Dr. Justin Marchegiani:  You know, people talk about a vaccine coming, I mean, we’ve had 2 other coronaviruses in 2002 and 2003.  We have the SARS coronavirus and then 2015, we had the MERS.  So there’s been a lot—there’s been a lot of time that’s passed and we still don’t have a vaccine.  So people forget that.  So the fact that we don’t have a vaccine for other coronaviruses, odds are there probably won’t be one for this and also, we don’t have even a vaccine for HIV.  So, I’m not aware of any vaccine for an RNA-based virus.  So people can correct me in the description.  I’m not aware of any vaccine that is available for an RNA-based virus so the odds are looking at past history there probably won’t be one this time around but I could be wrong, right?  I know they’re doing different types of vaccines that are more like protein.  They are like taking a specific protein in the virus and they’re trying to make a vaccine that targets that protein but not necessarily attack the virus so they’re doing different things.  I think what’s really interesting is the—is if you have a lot of people that have antibodies, let’s go do platelet therapy.  Let’s go spin out the platelet.  Let’s do a blood transfusion, take the antibodies out of the platelets and then give them the antibodies in an IV.  I mean, I think that’s just a common sense first-line therapy along with all of the nutrients, right?  That we talked about and then maybe we play around with the hydroxychloroquine, azithromycin, and zinc protocol as well if we need.  So I think we have some really good treatments, palliative acute treatments now where maybe a vaccine isn’t even necessary if we can get things under control and get an adequate amount of herd immunity.  It may be totally moot at that point once herd immunity is in place.

Evan Brand:  I saw the president talking over the weekend, people were asking like, “How can life go back to normal without a vaccine?”  And he just was like, “I think is gonna go away on its own without it, so maybe we don’t need it after all.”  But when you see headlines about, you know, X amount of states or X governor says that people must wear masks until a vaccine is created.  What if a vaccine does never come?  That means you’re gonna wear a mask for the next 5 years and what if those people choose not to get it?  Do the people who choose not to get it can’t go back to the grocery store?  Like what, I mean, it’s just, it’s weird.  They’re not really talking about that.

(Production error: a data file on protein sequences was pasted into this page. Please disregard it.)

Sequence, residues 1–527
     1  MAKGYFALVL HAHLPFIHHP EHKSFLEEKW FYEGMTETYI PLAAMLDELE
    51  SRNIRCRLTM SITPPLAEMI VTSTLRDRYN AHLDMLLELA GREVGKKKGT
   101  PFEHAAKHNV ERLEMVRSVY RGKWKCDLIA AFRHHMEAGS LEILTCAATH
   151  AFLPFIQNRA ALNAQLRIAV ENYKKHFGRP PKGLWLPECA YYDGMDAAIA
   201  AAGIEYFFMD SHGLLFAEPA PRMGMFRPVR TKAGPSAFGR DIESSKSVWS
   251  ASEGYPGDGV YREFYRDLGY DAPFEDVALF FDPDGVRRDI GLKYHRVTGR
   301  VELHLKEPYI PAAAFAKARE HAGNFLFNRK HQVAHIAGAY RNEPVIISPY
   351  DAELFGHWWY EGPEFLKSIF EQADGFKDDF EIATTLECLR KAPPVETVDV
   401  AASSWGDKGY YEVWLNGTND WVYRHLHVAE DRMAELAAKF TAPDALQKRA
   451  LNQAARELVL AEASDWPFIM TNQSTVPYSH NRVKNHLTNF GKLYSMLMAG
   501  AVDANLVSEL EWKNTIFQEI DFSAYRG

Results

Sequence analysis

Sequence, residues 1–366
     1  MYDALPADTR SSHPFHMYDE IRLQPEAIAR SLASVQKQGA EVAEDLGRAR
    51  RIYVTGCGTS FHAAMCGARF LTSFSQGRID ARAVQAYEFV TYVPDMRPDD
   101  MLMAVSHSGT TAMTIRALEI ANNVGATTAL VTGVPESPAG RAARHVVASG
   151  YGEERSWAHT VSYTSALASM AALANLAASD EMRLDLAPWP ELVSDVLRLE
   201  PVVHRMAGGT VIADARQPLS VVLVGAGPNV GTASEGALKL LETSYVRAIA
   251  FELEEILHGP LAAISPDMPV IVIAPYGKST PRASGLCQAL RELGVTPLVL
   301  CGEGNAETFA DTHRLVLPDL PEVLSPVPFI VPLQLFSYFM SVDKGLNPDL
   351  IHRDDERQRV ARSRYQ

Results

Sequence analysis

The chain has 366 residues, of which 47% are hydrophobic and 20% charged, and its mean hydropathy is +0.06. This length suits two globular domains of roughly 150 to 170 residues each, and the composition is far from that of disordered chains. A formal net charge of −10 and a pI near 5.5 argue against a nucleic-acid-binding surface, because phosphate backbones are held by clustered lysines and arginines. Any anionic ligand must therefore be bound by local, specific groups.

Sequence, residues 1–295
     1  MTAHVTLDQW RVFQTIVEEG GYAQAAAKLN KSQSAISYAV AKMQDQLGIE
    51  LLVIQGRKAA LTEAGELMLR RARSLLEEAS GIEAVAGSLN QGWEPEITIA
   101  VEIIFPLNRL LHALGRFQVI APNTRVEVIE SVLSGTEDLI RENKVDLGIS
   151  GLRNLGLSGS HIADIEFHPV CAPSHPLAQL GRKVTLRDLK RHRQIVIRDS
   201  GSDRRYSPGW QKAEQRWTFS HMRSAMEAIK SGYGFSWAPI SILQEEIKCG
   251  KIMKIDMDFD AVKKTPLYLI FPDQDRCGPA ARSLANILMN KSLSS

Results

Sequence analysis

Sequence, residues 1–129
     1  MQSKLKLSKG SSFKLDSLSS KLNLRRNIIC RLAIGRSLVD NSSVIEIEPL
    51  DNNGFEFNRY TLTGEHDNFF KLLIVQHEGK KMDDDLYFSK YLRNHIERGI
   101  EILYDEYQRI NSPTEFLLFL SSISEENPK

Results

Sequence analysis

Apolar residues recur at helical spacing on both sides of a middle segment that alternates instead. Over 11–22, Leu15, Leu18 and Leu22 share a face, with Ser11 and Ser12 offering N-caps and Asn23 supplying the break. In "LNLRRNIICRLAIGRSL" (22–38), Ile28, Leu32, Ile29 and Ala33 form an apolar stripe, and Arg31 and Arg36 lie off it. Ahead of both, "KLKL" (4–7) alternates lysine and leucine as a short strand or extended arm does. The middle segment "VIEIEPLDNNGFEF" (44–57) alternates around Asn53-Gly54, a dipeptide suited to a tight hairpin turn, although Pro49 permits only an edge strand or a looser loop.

Dr. Justin Marchegiani:  Well, how did life go back to normal after the 1918 flu?  I mean, like 3 million died.  Do you know in 1918, Woodrow Wilson didn’t even shut down the economy?  They just kept rolling.  3 million people died.  How do we go back after that?  We did it.  How do we go back after a million people died in the Civil War?  We did it.  How do we go back to life after World World 1 and World War 2 in Vietnam?  We did it, you know.  I mean, our country, United States is a very resilient, very resilient country.  So I’m confident we can do it and I think there’ll be herd immunity in the background that will provide this extra buffer of support.  We didn’t even know about antibodies.  I mean, they actually were doing some antibody, you know, infusion back then in the 1918.  They really didn’t know what was going on.  They didn’t have the testing that we have now.  So we are lightyears above and beyond a lot of this stuff and I think we even—I don’t even think we had vitamin D supplementation back then.  So we are so ahead of the game.  I’m feeling really confident and I’m ready for people to get back to work.

Evan Brand:  Yup, I hear you.  Well, let’s wrap this thing up.  We are available around the world with people.  So we work by sending lab tests, unless it’s blood we send you out to a lab, but for the other labs we do, you do it at your home.  And so if you wanna reach out clinically, get help, boost your immune system up, if you just need to simply run some blood panels or we can look at CRP levels, and vitamin D and things like that, we are available to help facilitate that if need be.  So you could reach out to Dr. J at his website, justinhealth.com.  My website, evanbrand.com and we’re glad to be here for you.  So take good care.

Dr. Justin Marchegiani:  Excellent, everyone.  Great chatting with y’all.  If you enjoy the podcast, put your comments down below.  Really excited to know what you guys think, what you guys are doing, what’s working for you clinically.  We appreciate you spreading the word to family and friends.  Sharing is caring and if you wanna write a review as well, evanbrand.com/itunes, justinhealth.com/itunes for a review.  We really appreciate it, guys.  You take care.  Have a good one.